Review by Niclas Hundahl.
When we think about the human body, what role does illness play? Should it be awarded only minor attention, given that it can be considered an “irregular” state, something that is out of the ordinary? No, argues Havi Carel in Phenomenology of Illness (Oxford University Press, 2016), we must study illness and the particular embodied experience it brings to those who fall ill. For “the experience of illness is a universal and substantial part of human existence” (1). She makes a distinction between disease, the scientific understanding of physiological dysfunction, and illness, how disease is experienced by the individual.
Havi Carel is professor of Philosophy at the University of Bristol. Having examined illness in much of her previous research, she wanted to bring the full force of phenomenology to bear on the concept, because scientific inquiry is not enough. To fully understand illness, we must see and examine it as lived experience. And what better method to use than phenomenology, the philosophy method most specialized in studying lived experience. Carel focuses on severe, chronic and life-changing ill health, because these have the ability to permanently change how we experience the world, and therefore can reveal much about how we experience the world before illness.
Phenomenology of Illness can be split roughly into two parts. The first part examines the phenomenological tradition, how embodied experience is understood within this tradition, and how illness can be understood from this view of the body. Using Martin Heidegger’s famous analysis of malfunctioning tools, and how we only really notice objects once they cease to function, she creates an analogy to the body in illness: When we experience the failure of bodily functions, the experience is similar to that of a broken tool. However, because our bodies are our way of inhabiting our world, this breakdown is experienced much more severely than a broken pen: “My head with a headache is not a malfunctioning tool, but a way of being” (62). When our body breaks down, it can severely change our experience of the world, and of ourselves.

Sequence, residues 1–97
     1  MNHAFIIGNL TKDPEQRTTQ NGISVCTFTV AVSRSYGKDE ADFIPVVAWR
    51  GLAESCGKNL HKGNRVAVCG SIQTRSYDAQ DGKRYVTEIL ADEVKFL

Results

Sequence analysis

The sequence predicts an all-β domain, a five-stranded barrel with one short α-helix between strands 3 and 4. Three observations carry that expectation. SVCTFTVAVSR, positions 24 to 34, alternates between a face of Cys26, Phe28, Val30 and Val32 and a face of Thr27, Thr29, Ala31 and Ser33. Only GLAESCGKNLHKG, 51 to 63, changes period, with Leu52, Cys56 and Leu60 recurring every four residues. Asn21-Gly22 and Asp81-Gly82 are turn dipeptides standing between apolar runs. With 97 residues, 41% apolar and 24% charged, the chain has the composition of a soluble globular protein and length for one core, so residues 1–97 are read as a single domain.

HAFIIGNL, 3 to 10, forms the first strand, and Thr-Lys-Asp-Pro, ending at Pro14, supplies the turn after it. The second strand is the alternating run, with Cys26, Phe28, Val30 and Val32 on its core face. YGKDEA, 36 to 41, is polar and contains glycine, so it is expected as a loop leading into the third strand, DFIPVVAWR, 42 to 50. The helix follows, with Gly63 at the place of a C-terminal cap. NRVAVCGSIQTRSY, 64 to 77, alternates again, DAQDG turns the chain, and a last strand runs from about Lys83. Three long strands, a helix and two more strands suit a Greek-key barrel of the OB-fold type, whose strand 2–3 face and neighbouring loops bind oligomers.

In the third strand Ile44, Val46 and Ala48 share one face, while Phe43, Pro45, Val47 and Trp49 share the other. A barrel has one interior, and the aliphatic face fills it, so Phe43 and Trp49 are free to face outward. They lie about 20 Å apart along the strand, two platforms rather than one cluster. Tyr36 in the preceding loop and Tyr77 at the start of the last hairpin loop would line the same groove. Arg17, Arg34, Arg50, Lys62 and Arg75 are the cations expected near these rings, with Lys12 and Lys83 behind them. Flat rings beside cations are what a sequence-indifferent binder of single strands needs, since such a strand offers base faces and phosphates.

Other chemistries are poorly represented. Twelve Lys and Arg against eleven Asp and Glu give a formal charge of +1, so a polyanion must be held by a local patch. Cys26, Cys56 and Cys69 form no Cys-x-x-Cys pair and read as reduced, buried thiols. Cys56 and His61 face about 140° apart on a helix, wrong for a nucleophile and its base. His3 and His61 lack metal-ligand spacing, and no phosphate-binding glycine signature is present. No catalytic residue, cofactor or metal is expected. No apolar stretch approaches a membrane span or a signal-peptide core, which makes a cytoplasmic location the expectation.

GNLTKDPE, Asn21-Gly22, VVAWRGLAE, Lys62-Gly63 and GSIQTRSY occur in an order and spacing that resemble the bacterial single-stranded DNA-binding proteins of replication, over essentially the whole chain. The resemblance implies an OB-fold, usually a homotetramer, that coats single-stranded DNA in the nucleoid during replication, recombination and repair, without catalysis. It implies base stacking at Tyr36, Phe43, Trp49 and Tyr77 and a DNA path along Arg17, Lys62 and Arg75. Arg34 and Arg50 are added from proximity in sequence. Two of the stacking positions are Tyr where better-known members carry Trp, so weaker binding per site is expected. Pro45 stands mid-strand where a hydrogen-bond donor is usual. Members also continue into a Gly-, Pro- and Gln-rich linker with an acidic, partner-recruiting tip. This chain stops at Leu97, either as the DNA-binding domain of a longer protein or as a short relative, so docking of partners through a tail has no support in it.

In the second half of the book, Carel works within the framework she builds in the first. She examines a particular type of illness, breathlessness, and later goes about working a taboo in Western Society: Is a good and fulfilling life possible in illness? Largely the answer is yes, most people suffering from chronic or severe illness report similar levels of happiness to unafflicted people. She explains this in part with a process called hedonic adaptation: “We adapt to – and therefore cease to feel the impact of – changes to things that affect our hedonic state” (135). The primary reason illness is heavily stigmatised is because human beings, despite being highly capable at adaptation, have very poor imagination. This is why we need phenomenology of illness, to: “account for the richness and diversity of the illness experience, and thus also to articulate the positive, often unexpected consequences of illness” (126).
Throughout the book Carel also occasionally brings in her own experience of illness. Being diagnostic lymphangioleiomyomatosis, or LAM, a lung condition severely limiting her ability to breathe and requiring her to always bring oxygen canisters with her. Her passages describing both the physical feeling of her condition as well as how she worked through it, are hard to read. But they work. They work insofar as they make us challenge how little we understand about the life in illness.
Phenomenology of Illness provides both a great introduction to phenomenology and creates a highly useful framework for studying both particular cases of illness, as well as reflecting on shared features of all types of illness. Anybody interested in phenomenology, medicinal humanities and applied philosophy will find that Phenomenology of Illness provides a thought provoking and enlightening take on a common experience, and show how important philosophy can be for medicine.
Niclas N. Hundahl is an independent researcher, trying to make sense of the human in a world of technology, nature and fiction.